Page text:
U.S. Catholic bishops announced plans on Thursday for an ambitious public relations drive to soften and shape their image and reach out to the younger generation using social media.
In a lively session at their national conference in Atlanta, several bishops expressed dismay that they are slow to get their talking points across and are perceived as too confrontational.
The recent Vatican crackdown on the largest organization of U.S. nuns turned into a public relations "debacle" for the bishops, said Cardinal Sean O'Malley of Boston.
He complained that the Vatican's decision to put bishops in charge of rooting out "radical feminist" elements within the nuns' group was linked in the secular media to unrelated events, such as the bishops' investigation of the Girl Scouts, with negative consequences for the church's image.
The bishops are looking into concerns that the Girl Scouts sometimes work with groups that promote access to contraception. The U.S. church's image also has been hurt sex abuse scandals.
"Our church, both in the States and at the Holy See, does not do a good job of communicating around controversial topics," O'Malley said. "We need more help and more sophistication in our messaging."
Added Bishop Blase Cupich of Spokane, Washington, "We need to teach in a way that's not combative, but inviting."
While several bishops said they wanted to push their views directly to the public, without mediation by the press, Bishop Gerald Kicanas of Tucson, Arizona, urged his brethren to remain open to all forums of communication.
"It's important to engage people who have positions that are possibly different than ours, so that we can build coalitions," Kicanas said. "We shouldn't always be overly sensitive about criticism."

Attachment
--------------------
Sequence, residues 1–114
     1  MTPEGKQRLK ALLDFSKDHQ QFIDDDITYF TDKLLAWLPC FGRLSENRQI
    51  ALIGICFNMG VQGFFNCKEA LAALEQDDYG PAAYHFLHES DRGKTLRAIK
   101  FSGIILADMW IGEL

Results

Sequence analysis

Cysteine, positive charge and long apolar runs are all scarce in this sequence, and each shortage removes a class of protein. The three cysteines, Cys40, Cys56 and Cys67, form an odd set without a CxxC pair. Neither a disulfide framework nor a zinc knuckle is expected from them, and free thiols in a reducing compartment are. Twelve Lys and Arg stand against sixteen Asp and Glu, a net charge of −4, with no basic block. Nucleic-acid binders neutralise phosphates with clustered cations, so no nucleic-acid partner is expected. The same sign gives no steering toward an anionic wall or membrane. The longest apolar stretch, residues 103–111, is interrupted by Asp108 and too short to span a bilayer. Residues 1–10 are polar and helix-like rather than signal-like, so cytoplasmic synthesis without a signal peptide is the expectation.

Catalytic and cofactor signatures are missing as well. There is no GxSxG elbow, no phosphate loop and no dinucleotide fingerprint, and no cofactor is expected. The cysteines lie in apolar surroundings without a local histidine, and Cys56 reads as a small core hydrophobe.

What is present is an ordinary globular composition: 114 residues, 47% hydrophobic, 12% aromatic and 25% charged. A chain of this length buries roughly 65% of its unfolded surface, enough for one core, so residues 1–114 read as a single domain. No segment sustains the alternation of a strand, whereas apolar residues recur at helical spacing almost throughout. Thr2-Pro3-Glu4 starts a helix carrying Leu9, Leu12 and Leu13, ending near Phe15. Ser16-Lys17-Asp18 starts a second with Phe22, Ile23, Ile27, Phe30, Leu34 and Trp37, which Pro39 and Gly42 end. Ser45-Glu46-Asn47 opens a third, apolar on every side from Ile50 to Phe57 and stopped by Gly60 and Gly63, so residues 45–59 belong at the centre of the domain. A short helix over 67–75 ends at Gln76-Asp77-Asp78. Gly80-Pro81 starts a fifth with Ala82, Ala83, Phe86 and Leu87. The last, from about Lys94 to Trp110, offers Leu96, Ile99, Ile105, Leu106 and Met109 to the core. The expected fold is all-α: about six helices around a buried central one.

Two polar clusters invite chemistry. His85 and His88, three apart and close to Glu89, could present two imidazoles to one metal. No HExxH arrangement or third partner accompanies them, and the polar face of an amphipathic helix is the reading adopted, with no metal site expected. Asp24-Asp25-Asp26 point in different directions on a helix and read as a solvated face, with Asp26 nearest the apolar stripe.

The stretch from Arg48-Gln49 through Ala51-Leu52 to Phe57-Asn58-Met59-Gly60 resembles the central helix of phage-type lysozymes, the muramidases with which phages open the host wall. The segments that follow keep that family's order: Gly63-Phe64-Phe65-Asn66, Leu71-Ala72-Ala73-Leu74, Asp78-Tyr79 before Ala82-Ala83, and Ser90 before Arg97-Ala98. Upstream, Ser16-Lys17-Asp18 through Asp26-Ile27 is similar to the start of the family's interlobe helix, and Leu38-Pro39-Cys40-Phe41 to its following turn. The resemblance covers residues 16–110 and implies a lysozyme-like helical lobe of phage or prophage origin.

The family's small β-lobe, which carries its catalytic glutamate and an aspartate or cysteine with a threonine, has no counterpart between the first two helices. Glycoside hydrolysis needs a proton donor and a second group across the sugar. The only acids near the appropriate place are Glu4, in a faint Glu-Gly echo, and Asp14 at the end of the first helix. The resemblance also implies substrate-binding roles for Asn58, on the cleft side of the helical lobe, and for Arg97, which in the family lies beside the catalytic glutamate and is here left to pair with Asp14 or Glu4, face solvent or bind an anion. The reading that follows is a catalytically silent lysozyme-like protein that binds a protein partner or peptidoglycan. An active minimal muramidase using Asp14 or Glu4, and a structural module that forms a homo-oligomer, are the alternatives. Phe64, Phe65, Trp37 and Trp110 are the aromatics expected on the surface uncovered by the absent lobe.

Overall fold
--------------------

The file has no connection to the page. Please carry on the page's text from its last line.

The bishops' public relations campaign is still in the early stages but tentative plans include appointing a high-profile, always-on-call spokesman and creating a more active presence on Twitter and Facebook. Bishop John Wester of Salt Lake City also announced the launch of a private social network for bishops only - a sort of Facebook of the magisterium.
The campaign "will be a tremendous expense," said Archbishop Wilton Gregory of Atlanta. "But the greater cost, I believe, is not doing it."
The bishops are moving to post more Catholic resources online as well. On Thursday, they announced that the Catechism of the Catholic Church, which has sold nearly 1 million print copies, has been posted on the Conference of Catholic Bishops' website in e-book format.
Outreach efforts also include a Spanish-language video, now in production, that will take the form of a tasteful soap opera, tracing one family's interactions over generations. The drama aims to promote traditional marriage and combat rhetoric that frames gay marriage as an issue of equality, civil rights or justice, said Bishop Salvatore Cordileone of Oakland.
The Spanish video is part of a broader campaign promoted with the slogan "Marriage: Unique for a Reason." It includes several English-language videos already distributed to dioceses. (Editing by Bill Trott)
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